Some bands just make it big, and make it big frustratingly quickly, don’t they? Consider this: British five piece Zulu Winter release their first single in November 2011 as relatively unknown, indie-Brit dudes; By May the following year they’re supporting Keane on a UK tour, they were the first announced headliner for Australia’s beloved Splendour in The Grass, and now they’ve got an impeccably shiny, totally beguiling and extremely cinematic clip to accompany their latest single, “Silver Tongue”. Those lucky bastards. And although the thought of “Silver Tongue” instinctively triggers Lisa Simpson and Hans Sprungfeld, what filmic artistry/magicianary director Alex Turvey has spun over this clip is nothing short of ravishing (yep we just called a video clip ravishing: ravishing LIKE A BEAUTIFUL LADY, OK?).
Apart from making excellent music videos, Turvey also spends his time making fashion videos, short films, commercials and art, i.e. he’s basically a manic artiste that we’re all jealous of (The Independent called him one of the “15 Creatives Who Will Define The Future of British Arts”, and his incredible website full of beautiful things is pure, jealousy-soaked torture for any budding filmmaker.
We’re not sure what floored us most about this clip; was it that car and those outfits, or was it the overwhelming feeling of being able to understand what pain has gone through those scarred characters? Was it the piercing reality — the full footed, whole bodied reality of it — from glazed over eyes and desperate stares, or was it just that glorious red and blue? Or was it simply the feeling of dissatisfaction at its end, because we felt as though we knew just a bit too much about that couple and that we deserve to, need to, know more? Whatever it was: a flawless clip makes for a floored audience.
We picked the brains of Alex Turvey mostly because we were dying to know, “How do you make such beautiful things?!?!!?” Alas, he was a little more eloquent, a little less hysterical, than we managed to be:
Portable: Had you always wanted to create a clip like “Silver Tongue” and had the idea before, or did the project come up and then Zulu Winter/”Silver Tongue” spark the idea?
Alex Turvey: I have been looking to create a cinematic music video for quite some time so there are a couple of ideas in the film that I had been waiting to bring to life with the right track, but 90% of what you see on screen was written specifically for “Silver Tongue” as a response to the music.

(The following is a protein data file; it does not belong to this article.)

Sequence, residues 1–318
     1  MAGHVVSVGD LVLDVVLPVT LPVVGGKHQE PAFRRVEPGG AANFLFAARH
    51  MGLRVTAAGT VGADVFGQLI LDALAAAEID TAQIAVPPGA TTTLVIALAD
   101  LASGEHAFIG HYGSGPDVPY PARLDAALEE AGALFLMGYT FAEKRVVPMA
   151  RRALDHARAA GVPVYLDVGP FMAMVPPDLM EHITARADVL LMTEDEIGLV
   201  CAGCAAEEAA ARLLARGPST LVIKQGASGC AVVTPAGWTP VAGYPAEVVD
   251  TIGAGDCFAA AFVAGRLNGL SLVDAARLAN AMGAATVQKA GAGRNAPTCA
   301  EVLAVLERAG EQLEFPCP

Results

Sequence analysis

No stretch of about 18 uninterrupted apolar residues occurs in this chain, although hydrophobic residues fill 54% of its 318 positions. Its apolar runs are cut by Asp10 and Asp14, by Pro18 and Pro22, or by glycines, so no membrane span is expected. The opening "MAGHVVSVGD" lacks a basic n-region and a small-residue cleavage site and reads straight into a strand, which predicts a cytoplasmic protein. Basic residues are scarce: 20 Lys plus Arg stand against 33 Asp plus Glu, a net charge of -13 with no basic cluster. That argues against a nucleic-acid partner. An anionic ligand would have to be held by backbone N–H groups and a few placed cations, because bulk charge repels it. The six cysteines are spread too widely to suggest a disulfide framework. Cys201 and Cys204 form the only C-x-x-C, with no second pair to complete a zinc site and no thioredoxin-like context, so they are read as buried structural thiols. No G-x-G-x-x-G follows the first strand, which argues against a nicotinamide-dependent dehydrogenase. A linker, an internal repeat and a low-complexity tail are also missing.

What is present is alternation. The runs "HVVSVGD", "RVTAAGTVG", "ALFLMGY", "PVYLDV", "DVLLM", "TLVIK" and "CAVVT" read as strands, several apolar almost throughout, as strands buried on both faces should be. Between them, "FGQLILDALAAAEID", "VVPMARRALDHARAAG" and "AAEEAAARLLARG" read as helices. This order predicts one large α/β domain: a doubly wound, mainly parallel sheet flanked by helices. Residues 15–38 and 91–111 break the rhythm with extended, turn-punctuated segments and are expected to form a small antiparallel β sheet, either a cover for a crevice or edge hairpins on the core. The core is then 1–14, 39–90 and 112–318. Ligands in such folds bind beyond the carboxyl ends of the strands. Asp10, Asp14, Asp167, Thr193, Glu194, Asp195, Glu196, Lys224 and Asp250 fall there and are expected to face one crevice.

P: The art direction is amazing in your clip, how closely did you work with the art department/how important is that element in bringing a music video together?
Alex Turvey: Thank you! Closer than close is the answer to that one. Every single frame you see on screen I have obsessively illustrated by hand storyboarded and designed before the shoot.
When I first started working in film I would play every single role in production, even down to the effects (I actually did 95% of the effects and compositing on “Silver Tongue”, which hurt immensely!). I still design all of the sets, costumes and effects in my work, but the bigger the project the more crew you need.
I worked very closely with my good friend Art Director / Artist Christopher Jarratt to bring “Silver Tongue” to life. He has a good understanding of how I work and tolerates my absurd requests.
P: The clip has some really cinematic moments. What films and directors did you feed off (inspirationally) for the clip?
Alex Turvey: Although I didn’t directly reference him there’s a slight Lynchian vibe shining through unintentionally, as well as the more blatant tip of the cap to Hitch.
P: Have you developed the story and characters in the clip deeper than what the video reveals? Who is this couple? What are their scars?
Alex Turvey: I’m completely OCD when it comes to film preparation, so I ended up developing an unessercarily epic story behind each character considering how minimal the performance actually is.
I wanted to make sure both the amazing Anna Walton and Charlie Cattrall had enough background to bring life to their character and interpret the story in their own unique way.
The opening scene relies entirely on the subtleties and body language between the couple, I needed the tension between them to be real so we purposefully kept them apart on set to help create the awkwardness.
There are clues in the video as to why we are witnessing Charlie’s internal unraveling but I wouldn’t want to give it up, I like that the viewer can come to their own conclusion.
P: You’ve done music videos before, what do you find so special about the medium? How are the challenges different from, say, making a short film, or a fashion film?
Alex Turvey: The process of bringing any idea to life for me is an incredibly rewarding one. Its an amazing feeling when, on the actual shoot day you realise that you are stood inside a physical representation of an idea that only existed in your head a few weeks ago.
If, like the rest of us, you’ve fallen a bit head over heels with Turvey’s work, why not hop on over to London and check out his solo show? Guaranteed to be amazing.
All (above) film production stills by Richard Johnson.